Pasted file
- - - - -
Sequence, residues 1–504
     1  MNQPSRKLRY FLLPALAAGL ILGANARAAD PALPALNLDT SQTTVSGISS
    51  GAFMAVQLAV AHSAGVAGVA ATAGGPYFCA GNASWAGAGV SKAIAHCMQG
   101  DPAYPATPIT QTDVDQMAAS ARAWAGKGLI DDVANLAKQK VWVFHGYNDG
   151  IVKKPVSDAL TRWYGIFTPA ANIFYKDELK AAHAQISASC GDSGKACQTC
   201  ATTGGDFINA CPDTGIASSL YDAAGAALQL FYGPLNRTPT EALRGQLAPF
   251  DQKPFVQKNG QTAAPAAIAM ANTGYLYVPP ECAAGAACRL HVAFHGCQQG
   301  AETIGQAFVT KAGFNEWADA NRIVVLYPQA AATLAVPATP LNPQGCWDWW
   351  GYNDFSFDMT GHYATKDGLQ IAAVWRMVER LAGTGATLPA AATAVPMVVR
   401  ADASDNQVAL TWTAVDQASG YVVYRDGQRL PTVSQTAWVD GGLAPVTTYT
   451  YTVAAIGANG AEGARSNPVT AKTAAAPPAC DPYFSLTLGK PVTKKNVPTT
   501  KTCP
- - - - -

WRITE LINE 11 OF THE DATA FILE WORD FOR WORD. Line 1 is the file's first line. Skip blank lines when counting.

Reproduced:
   451  YTVAAIGANG AEGARSNPVT AKTAAAPPAC DPYFSLTLGK PVTKKNVPTT